I am a huge fan of well-known people that take the time to respond thoughtfully to a seemingly unimportant stranger. So, I had a question about a source in Thomas Woods book The Politically Incorrect Guide to American History. I obtained his email and asked the following question:
On page 50 of the book there is a box that says "What the Press Said." In it there is a quote as following:
"[It was] merely an incident of the real controversy...[for] possession of the Federal Government is what both North and South are striving for."
-The New York Times in its description of slavery, 1854
When I try to find this source online, all I get is this page: http://www.nytimes.com/1860/07/04/news/the-slavery-question.html
If you read it, there is no mention of the first part of the quote in the article only the second part followed by "and the leading motive of the South is a determination to regard Slavery as their paramount interest, and its protection and perpetuation as their settled policy."
Something is definitely fishy. I tend to trust you far more than I do the New York Times, so I am wondering if I have not found the source you were referring to or if the NYT changed it?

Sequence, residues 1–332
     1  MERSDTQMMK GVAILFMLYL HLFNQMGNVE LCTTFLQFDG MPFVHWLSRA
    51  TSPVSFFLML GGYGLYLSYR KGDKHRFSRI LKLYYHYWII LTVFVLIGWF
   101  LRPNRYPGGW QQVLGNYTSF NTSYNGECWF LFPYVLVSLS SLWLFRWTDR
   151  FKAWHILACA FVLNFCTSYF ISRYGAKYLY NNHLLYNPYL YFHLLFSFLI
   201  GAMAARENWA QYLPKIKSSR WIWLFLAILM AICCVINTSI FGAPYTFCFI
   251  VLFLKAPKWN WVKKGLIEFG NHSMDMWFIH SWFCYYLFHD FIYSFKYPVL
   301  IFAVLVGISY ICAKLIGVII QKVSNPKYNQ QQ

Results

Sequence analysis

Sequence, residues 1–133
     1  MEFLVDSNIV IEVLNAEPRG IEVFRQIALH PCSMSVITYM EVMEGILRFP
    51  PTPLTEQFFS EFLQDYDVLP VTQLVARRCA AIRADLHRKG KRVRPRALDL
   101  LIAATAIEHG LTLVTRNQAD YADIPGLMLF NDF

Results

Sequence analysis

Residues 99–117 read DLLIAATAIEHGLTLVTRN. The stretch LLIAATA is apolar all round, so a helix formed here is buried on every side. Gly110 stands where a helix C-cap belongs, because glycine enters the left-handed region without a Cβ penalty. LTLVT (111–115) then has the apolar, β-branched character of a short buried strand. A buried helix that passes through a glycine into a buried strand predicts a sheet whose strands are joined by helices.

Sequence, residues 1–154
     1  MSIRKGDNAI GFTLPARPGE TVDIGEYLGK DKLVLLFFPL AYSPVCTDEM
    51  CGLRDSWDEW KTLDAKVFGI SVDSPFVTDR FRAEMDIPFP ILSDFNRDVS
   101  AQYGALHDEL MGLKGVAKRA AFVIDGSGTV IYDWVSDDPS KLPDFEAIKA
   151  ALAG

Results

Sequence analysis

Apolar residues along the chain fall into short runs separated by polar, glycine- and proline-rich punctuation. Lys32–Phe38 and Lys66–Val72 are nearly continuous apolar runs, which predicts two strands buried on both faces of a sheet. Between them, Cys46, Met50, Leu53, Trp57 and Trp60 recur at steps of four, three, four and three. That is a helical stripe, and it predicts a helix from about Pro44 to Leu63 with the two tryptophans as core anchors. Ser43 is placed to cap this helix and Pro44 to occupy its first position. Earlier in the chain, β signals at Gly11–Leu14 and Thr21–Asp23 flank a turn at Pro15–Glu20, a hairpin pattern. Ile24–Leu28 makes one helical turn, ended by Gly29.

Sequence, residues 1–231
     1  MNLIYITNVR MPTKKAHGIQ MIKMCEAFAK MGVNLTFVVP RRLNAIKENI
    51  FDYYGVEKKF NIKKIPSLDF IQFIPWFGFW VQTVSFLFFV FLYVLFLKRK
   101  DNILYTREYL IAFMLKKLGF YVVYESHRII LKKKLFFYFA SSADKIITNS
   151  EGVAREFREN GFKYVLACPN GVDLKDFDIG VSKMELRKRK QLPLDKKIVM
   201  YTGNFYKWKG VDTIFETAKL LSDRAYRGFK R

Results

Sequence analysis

He then graciously responded with:
Mr. Morr:For your service to me Tom, I will recommend your latest book Nullification to everyone I know.
Grr. This just calls to mind the struggles I had with the publisher during the editing of that book. They wanted to substitute a different box for the one I had, so they chose this. I did not catch that they actually got the date partially wrong; I was referring to three NYT columns, one from 1854 and two from 1860 (May 30 and July 4). It is Eric Foner himself, an extremely pro-Lincoln and pro-Union historian, who notes the significance of the Times' concession: "The New York Times went so far as to claim that slavery itself was 'merely an incident of the real controversy,' since 'possession of the Federal Government is what both North and South are striving for.' In this it was only echoing the views of Webster and other northern Whigs of the 1840s who had opposed the annexation of Texas and the Mexican War on the grounds that any addition of slavery territory and subsequent admission of slave states would upset the balance of sectional power in the South's favor." (Foner, Free Soil, Free Labor, Free Men: The Ideology of the Republican Party Before the Civil War, p. 192.)